ALLEN v. SUPERIOR COURT IN AND FOR LOS ANGELES COUNTY

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District Court of Appeal, Second District, Division 3, California.

ALLEN v. SUPERIOR COURT IN AND FOR LOS ANGELES COUNTY et al.*

Civ. 19304.

Decided: December 16, 1952

Stephen J. Grogan and Henry N. Cowan, Los Angeles, for petitioner. No appearance for respondent. Engelhardt, Campbell & Singer and Leon I. Singer, Los Angeles, for real parties in interest.

This is an original proceeding for a writ to prohibit the superior court from taking further proceedings in an action entitled Bromberg v. Cayton, No. 547103, on the ground it has not acquired jurisdiction of Robert W. Allen, the only defendant in the action, petitioner here.

Action 547103 was filed July 12, 1948. It is for damages for personal injuries resulting from an automobile collision. The accident occurred on November 1, 1947. On July 12, 1948, a summons was issued. On December 9, 1949, an alias summons was issued. On March 25, 1952, a second alias summons was issued. On April 29, 1952, on an affidavit therefor made by the plaintiff Irving Bromberg, an order for publication of summons was made. The order stated it appeared to the court that defendant Robert W. Allen ‘resides out of California, and cannot after due diligence be found within State of California,’ and that defendant resides in Oregon. The defendant was served personally with the summons and complaint in the state of Oregon on May 3, 1952.

On May 29, 1952, the defendant appeared specially by filing a notice of motion 1) to quash the order for publication of summons on the ground it was in excess of the power of the court, and 2) to quash the service of summons on the ground the court had not acquired jurisdiction of the defendant because the action was in personam. In support of the motion, the defendant filed his affidavit which stated: 1) On November 1, 1947, the date of the accident, he was a resident of Los Angeles, California. 2) He continued to reside in Los Angeles until June 3, 1949. 3) From June 3, 1949, until September 1, 1951, he resided in Oakland, California. 4) On September 1, 1951, he moved to, and has since resided in, Oregon. 5) He registered as a voter in Oregon about May 1, 1952. 6) He has leased a home in Oregon. 7) Since removing from California to Oregon, he and his wife have resided in Portland. 8) He does not intend to return to California, and has had no such intention since moving to Oregon. 9) At the time he moved to Oregon, he transferred his business activities to that state, and ever since has conducted his business activities in and from Oregon. 10) Since he moved to Oregon, his family has resided with him there. 11) He maintains his bank account in Oregon.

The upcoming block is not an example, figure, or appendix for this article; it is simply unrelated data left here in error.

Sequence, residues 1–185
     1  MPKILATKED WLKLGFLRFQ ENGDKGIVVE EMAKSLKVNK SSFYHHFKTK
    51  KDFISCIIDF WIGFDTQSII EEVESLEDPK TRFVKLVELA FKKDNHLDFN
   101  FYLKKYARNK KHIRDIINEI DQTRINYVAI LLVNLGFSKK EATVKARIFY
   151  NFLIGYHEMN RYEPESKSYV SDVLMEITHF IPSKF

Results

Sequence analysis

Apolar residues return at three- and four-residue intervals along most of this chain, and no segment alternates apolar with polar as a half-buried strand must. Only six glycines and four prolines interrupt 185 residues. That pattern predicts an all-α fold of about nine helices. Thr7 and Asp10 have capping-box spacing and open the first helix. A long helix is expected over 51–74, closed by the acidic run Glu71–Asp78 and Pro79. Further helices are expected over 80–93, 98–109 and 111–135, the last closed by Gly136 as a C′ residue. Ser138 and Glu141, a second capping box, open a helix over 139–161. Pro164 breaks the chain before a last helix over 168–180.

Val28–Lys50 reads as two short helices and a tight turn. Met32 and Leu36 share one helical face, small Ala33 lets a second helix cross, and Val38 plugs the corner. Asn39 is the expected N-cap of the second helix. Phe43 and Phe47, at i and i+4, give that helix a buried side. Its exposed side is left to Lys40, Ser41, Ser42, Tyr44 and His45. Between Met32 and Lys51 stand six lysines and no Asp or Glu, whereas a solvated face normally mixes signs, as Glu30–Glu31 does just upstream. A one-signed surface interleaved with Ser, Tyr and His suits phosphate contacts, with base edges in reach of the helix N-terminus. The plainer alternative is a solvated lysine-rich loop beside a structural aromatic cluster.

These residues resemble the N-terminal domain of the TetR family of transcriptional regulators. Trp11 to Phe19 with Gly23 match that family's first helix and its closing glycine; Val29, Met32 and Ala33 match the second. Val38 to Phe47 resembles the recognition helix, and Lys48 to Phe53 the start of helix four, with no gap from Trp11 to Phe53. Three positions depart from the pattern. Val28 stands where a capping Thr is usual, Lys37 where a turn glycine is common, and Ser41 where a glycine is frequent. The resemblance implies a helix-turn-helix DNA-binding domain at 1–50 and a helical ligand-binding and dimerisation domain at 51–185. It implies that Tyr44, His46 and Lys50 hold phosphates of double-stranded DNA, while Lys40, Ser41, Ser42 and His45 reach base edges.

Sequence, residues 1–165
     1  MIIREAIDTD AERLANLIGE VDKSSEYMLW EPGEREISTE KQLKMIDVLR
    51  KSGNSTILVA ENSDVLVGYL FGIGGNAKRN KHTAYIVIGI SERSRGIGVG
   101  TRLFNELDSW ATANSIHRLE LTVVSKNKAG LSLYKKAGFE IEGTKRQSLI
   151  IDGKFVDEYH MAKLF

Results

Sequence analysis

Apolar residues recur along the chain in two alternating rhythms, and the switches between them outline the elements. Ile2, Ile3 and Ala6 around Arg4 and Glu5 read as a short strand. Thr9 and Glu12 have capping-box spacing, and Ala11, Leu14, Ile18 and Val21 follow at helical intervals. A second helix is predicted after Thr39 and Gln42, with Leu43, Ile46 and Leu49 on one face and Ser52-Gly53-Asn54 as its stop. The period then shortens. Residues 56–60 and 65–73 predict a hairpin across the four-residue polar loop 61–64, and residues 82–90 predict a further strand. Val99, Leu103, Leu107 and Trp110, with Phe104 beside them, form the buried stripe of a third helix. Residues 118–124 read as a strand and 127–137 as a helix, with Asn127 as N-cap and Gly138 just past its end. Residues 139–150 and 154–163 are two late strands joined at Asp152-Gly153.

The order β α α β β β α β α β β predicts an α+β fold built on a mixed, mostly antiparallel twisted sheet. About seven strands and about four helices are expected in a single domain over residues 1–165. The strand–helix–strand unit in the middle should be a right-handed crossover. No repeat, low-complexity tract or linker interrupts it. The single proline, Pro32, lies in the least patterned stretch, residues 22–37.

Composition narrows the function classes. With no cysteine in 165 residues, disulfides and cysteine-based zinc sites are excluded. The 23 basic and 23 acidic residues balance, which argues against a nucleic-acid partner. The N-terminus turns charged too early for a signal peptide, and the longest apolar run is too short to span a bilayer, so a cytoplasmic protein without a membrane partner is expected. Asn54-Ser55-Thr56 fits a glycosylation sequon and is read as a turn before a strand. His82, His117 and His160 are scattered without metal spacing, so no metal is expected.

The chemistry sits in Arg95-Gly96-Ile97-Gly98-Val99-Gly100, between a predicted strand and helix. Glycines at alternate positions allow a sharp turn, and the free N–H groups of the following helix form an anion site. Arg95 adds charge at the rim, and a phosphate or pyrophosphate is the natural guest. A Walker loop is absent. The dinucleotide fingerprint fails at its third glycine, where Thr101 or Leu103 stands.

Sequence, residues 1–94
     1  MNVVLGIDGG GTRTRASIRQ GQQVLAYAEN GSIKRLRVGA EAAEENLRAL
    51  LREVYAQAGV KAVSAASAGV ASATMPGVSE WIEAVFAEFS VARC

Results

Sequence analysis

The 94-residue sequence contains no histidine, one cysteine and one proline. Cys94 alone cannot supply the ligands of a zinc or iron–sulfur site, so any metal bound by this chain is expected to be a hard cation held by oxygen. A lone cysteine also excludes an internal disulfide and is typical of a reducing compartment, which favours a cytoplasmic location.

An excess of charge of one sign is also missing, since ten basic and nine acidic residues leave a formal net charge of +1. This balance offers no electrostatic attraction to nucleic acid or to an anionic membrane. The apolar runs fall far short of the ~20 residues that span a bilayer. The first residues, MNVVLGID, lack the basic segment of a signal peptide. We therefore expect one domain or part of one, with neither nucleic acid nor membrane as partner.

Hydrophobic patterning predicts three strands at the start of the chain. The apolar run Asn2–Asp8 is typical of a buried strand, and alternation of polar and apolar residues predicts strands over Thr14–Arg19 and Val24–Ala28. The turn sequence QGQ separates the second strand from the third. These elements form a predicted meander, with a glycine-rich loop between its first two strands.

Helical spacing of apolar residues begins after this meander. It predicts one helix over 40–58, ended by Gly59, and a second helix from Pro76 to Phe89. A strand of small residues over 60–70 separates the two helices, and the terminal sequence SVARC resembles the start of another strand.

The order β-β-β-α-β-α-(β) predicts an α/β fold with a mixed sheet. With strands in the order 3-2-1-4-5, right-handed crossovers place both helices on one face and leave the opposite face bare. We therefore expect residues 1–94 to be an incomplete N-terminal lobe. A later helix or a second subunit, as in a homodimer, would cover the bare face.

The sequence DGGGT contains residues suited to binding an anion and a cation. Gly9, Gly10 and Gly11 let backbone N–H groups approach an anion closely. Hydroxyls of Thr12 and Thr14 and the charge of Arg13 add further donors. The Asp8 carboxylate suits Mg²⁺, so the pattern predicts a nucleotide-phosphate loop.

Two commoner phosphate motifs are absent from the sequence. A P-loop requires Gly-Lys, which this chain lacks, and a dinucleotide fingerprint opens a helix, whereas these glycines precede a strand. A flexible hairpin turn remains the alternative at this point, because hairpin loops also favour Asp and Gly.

In opposition to the motion, the plaintiffs filed an affidavit of a deputy sheriff of Multnomah County, Oregon, to the effect that on April 30, 1952, another deputy, in an endeavor to serve the defendant, ascertained he had left Portland the day before, stating he was going to Tillamook, Oregon, and would be at the hotel there. The defendant was served in Tillamook on May 3, 1952. At the hearing of the motion, it appeared without contradiction that at the time the order for publication of the summons was made, and at the time the defendant was served, he was a resident of, and domiciled in, the state of Oregon. The motion was denied.

In 1951, the Legislature enacted section 417 of the Code of Civil Procedure, which reads: ‘Where jurisdiction is acquired over a person who is outside of this State by publication of summons in accordance with Sections 412 and 413, the court shall have the power to render a personal judgment against such person only if he was personally served with a copy of the summons and complaint, and was a resident of this State at the time of the commencement of the action or at the time of service.'1

In order that jurisdiction be acquired over a person who is outside of this state in accordance with sections 412 and 413 it must appear by affidavit that the person on whom service is to be made resides out of the state, or has departed from the state; and on the basis of the affidavit, that an order has been made that the service be made by the publication of the summons, among other things.